VASCULAR: Cardio-fitness for astronauts and Earthlings

Cardiovascular space experiment may benefit everyday Canadians

Astronauts are living and working in space for longer periods of time, making it more important than ever to understand the physiological changes their bodies undergo. (Credit: NASA)

Space travel has come a long way in the last five decades, from trips lasting only a few hours to missions where astronauts now routinely spend three to six months on board the International Space Station (ISS). However, long-duration spaceflight and exposure to microgravity do take a toll on the health of astronauts.

Many years of research on how the human body adapts to space has shown that calcium is stripped from their bones, their muscles atrophy and their sense of "up" and "down" is affected (at least temporarily). Canadian studies have revealed that even the ageing process is accelerated during long stays in space, and returning astronauts have stiffer blood vessels—a change similar to that seen on Earth with normal ageing. The questions scientists now are asking is: do blood vessels age faster in space,  and how can the knowledge learned in space help keep Canadians healthy?

An ongoing Canadian experiment called VASCULAR has been investigating the effects of microgravity on the cardiovascular system of astronauts on board the orbiting laboratory. Dr. Richard Hughson of the University of Waterloo leads the VASCULAR science team, which is funded by the Canadian Space Agency (CSA) and supported by National Aeronautics and Space Administration (NASA).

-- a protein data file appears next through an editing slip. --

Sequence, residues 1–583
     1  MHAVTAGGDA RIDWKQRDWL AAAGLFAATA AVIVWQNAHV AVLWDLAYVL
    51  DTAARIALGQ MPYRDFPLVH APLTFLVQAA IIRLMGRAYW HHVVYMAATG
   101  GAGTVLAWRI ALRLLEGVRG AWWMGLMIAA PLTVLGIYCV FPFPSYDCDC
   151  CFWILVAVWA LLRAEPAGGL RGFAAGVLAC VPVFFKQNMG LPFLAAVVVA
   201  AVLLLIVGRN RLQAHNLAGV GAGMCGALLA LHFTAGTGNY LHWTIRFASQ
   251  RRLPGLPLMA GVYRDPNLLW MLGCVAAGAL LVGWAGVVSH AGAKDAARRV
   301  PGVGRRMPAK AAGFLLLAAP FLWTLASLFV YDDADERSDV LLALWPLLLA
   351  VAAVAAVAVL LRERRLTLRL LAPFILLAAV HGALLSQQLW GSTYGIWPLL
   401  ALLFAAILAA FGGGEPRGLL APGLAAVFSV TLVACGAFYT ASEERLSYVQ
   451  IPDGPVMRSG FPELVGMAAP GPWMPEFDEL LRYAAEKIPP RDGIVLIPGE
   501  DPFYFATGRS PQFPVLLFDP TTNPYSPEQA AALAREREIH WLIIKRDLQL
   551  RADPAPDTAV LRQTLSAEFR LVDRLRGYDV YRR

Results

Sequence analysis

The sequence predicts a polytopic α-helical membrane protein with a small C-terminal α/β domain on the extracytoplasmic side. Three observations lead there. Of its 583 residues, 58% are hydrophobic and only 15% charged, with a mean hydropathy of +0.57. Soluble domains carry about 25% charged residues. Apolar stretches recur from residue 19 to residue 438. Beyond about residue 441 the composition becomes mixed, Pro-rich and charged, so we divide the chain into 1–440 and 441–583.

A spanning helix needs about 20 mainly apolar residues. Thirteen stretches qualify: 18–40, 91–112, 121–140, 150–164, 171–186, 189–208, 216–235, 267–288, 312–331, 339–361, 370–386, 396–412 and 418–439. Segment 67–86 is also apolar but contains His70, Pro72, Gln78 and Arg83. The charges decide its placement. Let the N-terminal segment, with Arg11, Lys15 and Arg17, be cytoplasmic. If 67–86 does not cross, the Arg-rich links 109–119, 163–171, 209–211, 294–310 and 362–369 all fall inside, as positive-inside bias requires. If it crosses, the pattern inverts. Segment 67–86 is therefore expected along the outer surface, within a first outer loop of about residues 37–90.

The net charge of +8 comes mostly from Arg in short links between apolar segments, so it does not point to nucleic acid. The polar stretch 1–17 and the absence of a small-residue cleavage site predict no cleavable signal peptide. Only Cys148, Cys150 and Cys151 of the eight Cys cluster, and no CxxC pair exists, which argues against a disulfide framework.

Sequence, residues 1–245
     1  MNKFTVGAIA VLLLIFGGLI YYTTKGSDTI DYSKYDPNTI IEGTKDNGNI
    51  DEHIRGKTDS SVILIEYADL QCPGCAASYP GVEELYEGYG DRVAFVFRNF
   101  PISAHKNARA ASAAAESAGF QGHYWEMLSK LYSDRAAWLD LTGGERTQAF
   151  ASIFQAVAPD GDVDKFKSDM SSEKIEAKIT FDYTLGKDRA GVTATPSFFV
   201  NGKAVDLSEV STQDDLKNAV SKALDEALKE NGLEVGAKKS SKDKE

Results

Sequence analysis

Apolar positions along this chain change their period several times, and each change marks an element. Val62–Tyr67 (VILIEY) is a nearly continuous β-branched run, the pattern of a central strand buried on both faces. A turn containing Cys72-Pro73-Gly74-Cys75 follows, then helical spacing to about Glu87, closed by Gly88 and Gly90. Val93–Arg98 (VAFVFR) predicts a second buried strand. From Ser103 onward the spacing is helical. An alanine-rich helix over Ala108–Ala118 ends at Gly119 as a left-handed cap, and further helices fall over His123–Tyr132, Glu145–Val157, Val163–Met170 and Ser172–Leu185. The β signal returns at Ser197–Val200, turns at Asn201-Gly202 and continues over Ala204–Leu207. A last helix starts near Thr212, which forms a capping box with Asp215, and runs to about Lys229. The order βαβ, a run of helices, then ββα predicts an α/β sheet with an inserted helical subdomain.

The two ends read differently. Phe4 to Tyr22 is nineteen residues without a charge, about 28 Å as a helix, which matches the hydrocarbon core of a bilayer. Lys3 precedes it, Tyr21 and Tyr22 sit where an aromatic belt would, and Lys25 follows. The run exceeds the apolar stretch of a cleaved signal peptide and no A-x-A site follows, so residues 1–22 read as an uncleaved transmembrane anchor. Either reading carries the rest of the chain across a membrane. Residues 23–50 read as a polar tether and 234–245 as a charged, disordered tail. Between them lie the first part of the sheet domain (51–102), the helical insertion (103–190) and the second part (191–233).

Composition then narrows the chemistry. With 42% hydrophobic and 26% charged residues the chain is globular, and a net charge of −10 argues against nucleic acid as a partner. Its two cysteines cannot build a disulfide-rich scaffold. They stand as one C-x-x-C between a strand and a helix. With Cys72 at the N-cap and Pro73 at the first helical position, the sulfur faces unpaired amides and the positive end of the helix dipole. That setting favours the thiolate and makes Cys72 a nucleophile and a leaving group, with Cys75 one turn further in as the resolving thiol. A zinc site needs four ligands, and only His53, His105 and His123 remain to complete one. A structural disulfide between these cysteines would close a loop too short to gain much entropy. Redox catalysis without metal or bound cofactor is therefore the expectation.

In 2009, CSA Astronaut Robert Thirsk spent 186 days on board the orbiting laboratory, setting a new record for Canadians in space. Fellow Canadian Chris Hadfield's mission to the ISS will last five months, ending in May 2013.

During his mission, Hadfield will be the eighth subject to participate in VASCULAR.

Taking the Stress out of Space

Recent advances in medicine have linked certain blood proteins and hormones to cardiovascular stress and disease and the levels of these markers are used as indicators of health. Astronauts taking part in VASCULAR undergo blood tests before, during and after their spaceflights to look for these proteins and hormones, and particularly for any changes in their levels when they return from space. The astronauts also have ultrasounds done that measure the elasticity of their arteries and veins before and after their flight.

Dr. Hughson believes that space can be used to test potential solutions for combating this disabling disease, not only for space travelers but everyday Canadians.

"We are hoping from these astronauts to not only get a better understanding of these mechanisms that might cause changes in their bodies, but also have a much better focus on what we can do to prevent similar cardiovascular aging in the general population here on Earth," says Dr. Hughson.

According to the Heart and Stroke Foundation of Canada, there are approximately 70,000 heart attacks per year in Canada. VASCULAR could provide new information concerning factors that might contribute to cardiovascular disease.

VASCULAR's findings may also be important for long-duration space travel in the future, like the three years it might take to make a round-trip voyage to Mars. Understanding the effects on cardiovascular health could help prevent significant problems on a distant Martian surface and also help keep astronauts healthy later in life.

Keeping fit while in space is part of the daily routine of all astronauts. Canadian astronaut Robert Thirsk works out on the treadmill aboard the ISS during Expedition 20/21 in 2009. (Credit: NASA)